The Risks to Judicial Independence in Latvia: A View Eighteen Years Since EU Accession
The European Union (EU) is in the midst of what could be deemed the biggest threat to its current order since its inception: Member States backsliding on EU founding values. Indeed, the EU is showing no sign of having the rule of law backsliding crisis under control in states such as Hungary and Poland, a decade since the first signs of populist takeovers emerged. Since the foundational values of liberal constitutional democracy were first challenged in these two Central Eastern European (CEE) countries, similar issues in other Member States have also come to light, such as in the Czech Republic and Malta, amongst others. However, little information is available about the democratic stability of other States that also acceded to the EU in 2004. This paper is a stocktaking exercise which aims to address this gap in relation to the fidelity of Latvia to the founding EU value of the rule of law 18 years since it became an EU member. It will examine the state of judicial independence in Latvia during the past few years. Attacks on judicial independence are the main battleground on which the EU is fighting Hungary and Poland, and a value that is considered central to the EU’s understanding of the rule of law. It is important to understand Latvia’s current state of judicial independence in order to build a broader picture of the status of the rule of law in all Member States. This knowledge will help to fight the EU’s rule of law crisis and the rise of populism. This is something that needs to be achieved sooner rather than later so that the EU can stand united against an ever more aggressive Russia to the East.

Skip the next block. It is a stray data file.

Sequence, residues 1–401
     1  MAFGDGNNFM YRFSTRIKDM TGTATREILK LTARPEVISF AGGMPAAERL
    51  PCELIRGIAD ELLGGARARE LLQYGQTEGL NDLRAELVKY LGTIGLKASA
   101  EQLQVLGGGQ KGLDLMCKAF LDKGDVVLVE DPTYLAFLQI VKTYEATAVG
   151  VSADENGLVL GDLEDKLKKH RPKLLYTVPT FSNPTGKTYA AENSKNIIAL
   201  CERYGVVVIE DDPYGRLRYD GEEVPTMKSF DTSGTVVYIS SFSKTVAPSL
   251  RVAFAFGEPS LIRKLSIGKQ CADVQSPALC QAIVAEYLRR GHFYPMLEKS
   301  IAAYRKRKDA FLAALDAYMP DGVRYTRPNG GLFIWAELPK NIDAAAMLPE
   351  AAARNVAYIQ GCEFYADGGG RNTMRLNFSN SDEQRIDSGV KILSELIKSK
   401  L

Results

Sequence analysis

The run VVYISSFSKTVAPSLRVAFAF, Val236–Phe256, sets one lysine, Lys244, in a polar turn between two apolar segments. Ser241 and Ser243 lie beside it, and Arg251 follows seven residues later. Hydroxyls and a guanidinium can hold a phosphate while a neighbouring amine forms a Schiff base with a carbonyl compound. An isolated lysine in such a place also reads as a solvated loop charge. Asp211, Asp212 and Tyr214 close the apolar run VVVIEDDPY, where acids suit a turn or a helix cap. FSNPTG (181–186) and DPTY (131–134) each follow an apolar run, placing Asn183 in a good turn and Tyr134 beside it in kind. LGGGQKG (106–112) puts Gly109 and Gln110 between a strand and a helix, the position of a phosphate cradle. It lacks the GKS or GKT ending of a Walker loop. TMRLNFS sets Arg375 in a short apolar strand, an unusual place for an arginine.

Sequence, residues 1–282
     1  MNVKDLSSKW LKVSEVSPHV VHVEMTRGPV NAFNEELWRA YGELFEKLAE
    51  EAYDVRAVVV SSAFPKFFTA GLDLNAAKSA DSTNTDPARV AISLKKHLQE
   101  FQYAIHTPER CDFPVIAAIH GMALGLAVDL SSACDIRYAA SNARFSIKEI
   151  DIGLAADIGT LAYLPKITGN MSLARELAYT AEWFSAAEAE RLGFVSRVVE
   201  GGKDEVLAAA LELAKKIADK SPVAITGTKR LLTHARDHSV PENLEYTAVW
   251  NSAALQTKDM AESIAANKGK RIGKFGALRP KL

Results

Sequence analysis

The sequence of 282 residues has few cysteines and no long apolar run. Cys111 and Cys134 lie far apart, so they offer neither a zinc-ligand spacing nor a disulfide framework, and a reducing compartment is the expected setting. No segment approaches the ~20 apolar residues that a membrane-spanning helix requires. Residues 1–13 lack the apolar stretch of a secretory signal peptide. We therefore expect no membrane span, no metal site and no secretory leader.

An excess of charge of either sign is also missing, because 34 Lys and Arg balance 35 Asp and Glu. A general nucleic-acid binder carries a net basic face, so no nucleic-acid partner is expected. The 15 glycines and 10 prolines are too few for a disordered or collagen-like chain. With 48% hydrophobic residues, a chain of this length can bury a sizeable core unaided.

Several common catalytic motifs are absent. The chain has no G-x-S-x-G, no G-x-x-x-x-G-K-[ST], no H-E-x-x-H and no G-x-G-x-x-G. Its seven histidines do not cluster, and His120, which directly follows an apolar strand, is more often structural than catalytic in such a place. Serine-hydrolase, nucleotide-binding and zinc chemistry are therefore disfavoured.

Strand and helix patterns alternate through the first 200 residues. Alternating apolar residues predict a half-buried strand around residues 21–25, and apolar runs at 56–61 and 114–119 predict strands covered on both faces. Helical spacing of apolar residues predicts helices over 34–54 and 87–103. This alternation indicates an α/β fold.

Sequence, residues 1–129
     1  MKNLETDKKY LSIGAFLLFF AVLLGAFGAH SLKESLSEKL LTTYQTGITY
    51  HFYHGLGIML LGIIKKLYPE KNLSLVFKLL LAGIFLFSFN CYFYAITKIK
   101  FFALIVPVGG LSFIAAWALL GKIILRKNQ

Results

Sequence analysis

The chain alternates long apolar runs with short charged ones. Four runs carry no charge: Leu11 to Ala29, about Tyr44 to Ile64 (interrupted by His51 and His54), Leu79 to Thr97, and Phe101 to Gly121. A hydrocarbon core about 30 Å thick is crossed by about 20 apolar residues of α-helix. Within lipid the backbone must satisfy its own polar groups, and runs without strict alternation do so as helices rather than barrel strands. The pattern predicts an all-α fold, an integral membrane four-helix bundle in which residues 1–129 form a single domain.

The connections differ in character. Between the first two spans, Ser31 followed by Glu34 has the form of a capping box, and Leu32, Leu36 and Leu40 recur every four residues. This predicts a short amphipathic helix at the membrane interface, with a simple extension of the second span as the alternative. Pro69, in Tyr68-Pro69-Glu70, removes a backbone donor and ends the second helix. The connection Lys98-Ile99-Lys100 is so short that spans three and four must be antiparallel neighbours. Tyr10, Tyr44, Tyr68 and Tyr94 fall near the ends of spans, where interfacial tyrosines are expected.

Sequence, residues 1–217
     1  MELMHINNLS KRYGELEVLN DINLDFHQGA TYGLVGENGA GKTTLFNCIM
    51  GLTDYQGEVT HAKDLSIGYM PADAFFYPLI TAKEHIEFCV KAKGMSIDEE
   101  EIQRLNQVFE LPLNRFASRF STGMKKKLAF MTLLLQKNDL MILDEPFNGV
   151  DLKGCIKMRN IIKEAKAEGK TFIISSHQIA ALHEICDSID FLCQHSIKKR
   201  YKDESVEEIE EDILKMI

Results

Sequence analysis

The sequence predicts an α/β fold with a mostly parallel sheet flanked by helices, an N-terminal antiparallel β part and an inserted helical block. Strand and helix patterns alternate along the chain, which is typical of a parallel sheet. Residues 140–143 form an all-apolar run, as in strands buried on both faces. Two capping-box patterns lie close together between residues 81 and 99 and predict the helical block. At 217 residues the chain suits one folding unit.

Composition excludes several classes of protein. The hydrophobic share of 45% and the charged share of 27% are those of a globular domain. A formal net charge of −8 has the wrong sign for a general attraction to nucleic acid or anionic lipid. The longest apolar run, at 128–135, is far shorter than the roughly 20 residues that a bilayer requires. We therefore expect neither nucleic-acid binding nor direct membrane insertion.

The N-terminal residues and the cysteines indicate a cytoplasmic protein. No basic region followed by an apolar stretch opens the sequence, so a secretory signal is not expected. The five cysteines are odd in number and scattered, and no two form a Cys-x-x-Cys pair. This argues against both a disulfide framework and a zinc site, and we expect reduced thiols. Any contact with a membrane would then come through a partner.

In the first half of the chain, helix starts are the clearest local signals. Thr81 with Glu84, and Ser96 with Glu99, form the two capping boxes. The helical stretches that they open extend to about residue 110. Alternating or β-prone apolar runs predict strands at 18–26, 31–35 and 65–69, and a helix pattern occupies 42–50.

Keywords: Latvia, European Union, democracy, rule of law, backsliding, judicial independence.
This work is licensed under the Creative Commons Attribution − Non-Commercial − No Derivatives 4.0 International License.
Suggested citation: B Monciunskaite, ‘The Risks to Judicial Independence in Latvia: A View Eighteen Years Since EU Accession’ (2022) 18 CYELP 129.
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Copyright (c) 2022 Beatrice Monciunskaite
This work is licensed under a Creative Commons Attribution-NonCommercial-NoDerivatives 4.0 International License.
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